They later became a nation under God—known as the nation of Israel (comprised of the twelve tribes of Israel)—and they were governed by God’s Law—that is, the Old Covenant, and namely, the Ten Commandments. And when they broke the Law, they had to make blood offerings to God (Leviticus 1-7) to show sorrow for their sins and make restitution to God for what they’d done. Later, the nation had a break up, and what remained were two smaller nations—one named the nation of Judah (which was comprised of the tribe of Judah, namely the Jewish people). God then continued to interact with them, to have His Will done on earth through that Covenant people.
The New Testament Context
Ultimately the Jewish people, as a whole, failed to keep their end of the deal, leading to a New Covenant— meaning God established an additional covenant with a new group of people, in order for His Will to be done on earth. The original people He made this covenant with (John 12) were the Jews—but were told to include all people, particularly Gentiles (Matthew 28). So while the Old Covenant was with the Jewish people as an ethnic group, the New Covenant still honored that covenant (Romans 9-11), but introduced all non-Jews, called Gentiles, into a relationship with God through Jesus Christ.
How does this work? Well, instead of breaking the Law and making offerings of animals, Christians trust in Jesus Christ who made HIMSELF an offering for sin which is why He died on the cross. After Christ was murdered and then resurrected from the dead, the church sprang into existence. That meant Christians would no longer make offerings and do all of the things written in the Old Testament (like be circumcised as a young child or man, make animal offerings, keep certain dietary or eating regulations, and so on). All of those things became obsolete when Christ did His work (Hebrews 8:8-18).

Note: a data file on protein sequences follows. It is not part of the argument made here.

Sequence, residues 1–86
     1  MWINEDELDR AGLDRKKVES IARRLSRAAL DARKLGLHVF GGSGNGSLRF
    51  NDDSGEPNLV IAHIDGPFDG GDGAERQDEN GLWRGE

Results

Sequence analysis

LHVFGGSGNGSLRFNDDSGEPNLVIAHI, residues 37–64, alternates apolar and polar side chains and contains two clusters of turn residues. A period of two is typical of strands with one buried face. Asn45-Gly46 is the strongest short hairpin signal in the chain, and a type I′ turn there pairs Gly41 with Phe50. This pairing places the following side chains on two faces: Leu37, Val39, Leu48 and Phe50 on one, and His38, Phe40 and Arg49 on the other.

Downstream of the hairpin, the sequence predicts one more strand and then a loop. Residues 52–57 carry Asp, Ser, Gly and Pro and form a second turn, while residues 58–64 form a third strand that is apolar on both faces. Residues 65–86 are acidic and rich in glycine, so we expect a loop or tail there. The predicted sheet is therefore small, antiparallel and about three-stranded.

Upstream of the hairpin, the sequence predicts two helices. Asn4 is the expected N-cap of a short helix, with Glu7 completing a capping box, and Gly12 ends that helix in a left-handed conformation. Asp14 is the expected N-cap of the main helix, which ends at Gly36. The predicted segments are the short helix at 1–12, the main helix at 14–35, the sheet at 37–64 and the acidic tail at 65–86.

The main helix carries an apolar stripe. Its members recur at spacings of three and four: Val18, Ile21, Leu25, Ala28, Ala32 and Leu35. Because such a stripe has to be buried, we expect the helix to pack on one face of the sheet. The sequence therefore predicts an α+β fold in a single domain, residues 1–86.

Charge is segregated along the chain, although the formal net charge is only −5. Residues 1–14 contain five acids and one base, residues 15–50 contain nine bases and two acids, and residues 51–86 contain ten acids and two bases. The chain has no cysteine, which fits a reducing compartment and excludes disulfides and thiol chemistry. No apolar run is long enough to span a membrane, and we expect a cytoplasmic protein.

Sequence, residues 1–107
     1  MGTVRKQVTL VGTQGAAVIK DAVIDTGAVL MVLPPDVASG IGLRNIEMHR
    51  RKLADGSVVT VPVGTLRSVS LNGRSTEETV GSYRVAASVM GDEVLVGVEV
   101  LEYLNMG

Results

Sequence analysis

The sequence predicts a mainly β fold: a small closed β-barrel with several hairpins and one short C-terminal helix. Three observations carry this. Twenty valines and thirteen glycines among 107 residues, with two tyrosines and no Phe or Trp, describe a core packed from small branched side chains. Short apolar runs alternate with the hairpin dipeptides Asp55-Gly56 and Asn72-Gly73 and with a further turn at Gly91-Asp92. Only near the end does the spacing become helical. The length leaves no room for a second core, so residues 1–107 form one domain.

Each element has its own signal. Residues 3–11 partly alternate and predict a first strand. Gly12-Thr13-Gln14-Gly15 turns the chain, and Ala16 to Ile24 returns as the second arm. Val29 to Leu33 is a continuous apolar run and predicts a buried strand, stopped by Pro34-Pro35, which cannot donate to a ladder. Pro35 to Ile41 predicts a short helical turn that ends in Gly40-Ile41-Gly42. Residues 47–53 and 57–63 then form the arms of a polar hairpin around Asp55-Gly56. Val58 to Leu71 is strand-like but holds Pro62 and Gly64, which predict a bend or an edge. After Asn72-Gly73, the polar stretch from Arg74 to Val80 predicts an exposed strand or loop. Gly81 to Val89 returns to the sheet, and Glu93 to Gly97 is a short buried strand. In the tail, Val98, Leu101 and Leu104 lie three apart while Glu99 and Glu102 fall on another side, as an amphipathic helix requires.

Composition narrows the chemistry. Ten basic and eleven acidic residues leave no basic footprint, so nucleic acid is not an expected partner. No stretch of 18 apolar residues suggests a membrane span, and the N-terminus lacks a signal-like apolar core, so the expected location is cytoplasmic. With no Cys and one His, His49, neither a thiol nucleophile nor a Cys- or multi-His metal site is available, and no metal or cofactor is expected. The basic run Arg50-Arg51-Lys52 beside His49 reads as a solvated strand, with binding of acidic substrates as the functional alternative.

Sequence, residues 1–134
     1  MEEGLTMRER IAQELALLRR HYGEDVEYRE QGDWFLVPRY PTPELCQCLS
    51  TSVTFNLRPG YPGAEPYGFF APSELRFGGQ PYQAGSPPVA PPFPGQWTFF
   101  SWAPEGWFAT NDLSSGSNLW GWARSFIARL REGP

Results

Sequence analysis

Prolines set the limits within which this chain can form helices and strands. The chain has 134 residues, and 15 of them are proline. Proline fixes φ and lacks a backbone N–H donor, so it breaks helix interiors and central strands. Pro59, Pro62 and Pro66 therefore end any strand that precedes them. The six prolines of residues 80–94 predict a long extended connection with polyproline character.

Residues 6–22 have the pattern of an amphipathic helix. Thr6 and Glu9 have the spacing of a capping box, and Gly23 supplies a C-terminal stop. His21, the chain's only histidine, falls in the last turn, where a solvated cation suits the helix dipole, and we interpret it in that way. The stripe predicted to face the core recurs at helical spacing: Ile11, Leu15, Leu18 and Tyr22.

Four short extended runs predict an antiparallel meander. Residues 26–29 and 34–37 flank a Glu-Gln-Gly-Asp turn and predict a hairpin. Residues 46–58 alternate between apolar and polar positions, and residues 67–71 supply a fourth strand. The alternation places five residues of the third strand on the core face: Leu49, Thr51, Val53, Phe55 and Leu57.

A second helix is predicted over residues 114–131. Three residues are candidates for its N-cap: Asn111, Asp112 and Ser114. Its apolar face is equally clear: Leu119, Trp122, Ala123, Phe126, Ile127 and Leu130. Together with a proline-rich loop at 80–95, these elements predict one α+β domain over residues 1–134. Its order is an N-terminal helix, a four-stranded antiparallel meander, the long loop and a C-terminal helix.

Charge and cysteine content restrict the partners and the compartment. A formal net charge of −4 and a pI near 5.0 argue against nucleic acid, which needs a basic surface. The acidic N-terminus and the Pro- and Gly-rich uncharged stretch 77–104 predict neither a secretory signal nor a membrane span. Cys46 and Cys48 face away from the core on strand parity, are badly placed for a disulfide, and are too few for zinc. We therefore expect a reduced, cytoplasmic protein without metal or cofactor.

In Jerusalem, at a Jewish holiday called Pentecost, a few weeks after the resurrection, the Christian movement as we know it today sprang into existence and Christian bodies/churches—groups of Christians meeting together (I’m not talking about churches as-in ‘buildings’) began to be established everywhere. Over time, those churches spread throughout the then-Roman Empire. They first began as Jewish followers of Jesus (in Jerusalem, Samaria and Jewish communities elsewhere), but in time churches were established among Gentiles too—just as Christ had told them to do.
The Pauline Context
The leader who helped Gentiles (non-Jews like many of us) become introduced to Jesus was a Jewish leader named the Apostle Paul. The primary leader who helped Jewish people find Christ was the Apostle Peter as well as James, the half brother of Jesus.
But understand this—because this is part of the key to understanding the Book of Galatians— In some churches, there were both Gentile Christians and Jewish Christians. Not only were they different ethnicities and nationalities, but were from totally different cultures, and the Jews were known to have a great sense of pride about their heritage as God’s people. But now, as you know, God was including Gentiles in His plan—like He had ALWAYS wanted to, but the Jews failed to do. Some Jews were jealous that God had included the Gentiles in His New Covenant—and were resistant to non-Jews coming to Jesus in the New Covenant (Acts 14:45-47).This ongoing struggle led to the situation in churches in the area of the world known as Galatia (basically current day Turkey).
In the New Testament, after the life and times of Jesus appears (in the gospels of Matthew, Mark, Luke, John), there is a short history of the early church (Act.s) and then the letters to the churches begin. Those letters are called ‘epistles’ because an epistle was a type of letter writing technique at that time. Paul wrote many epistles—letters—to Christian believers, some Jewish believers and some Gentile believers. Here, in Galatians, we read of a church with both. They were having problems understanding what the New Covenant really meant—and what God expected of people. There was a sharp disagreement about that, and it was confusing people about the truth.
Today, people are also confused about the truth. Why? Because Churches are often confused too. In the next few weeks, we’ll discover the real truth about the Christian message—and it’ll help both Christians and seekers understand what the message of Jesus really was and is.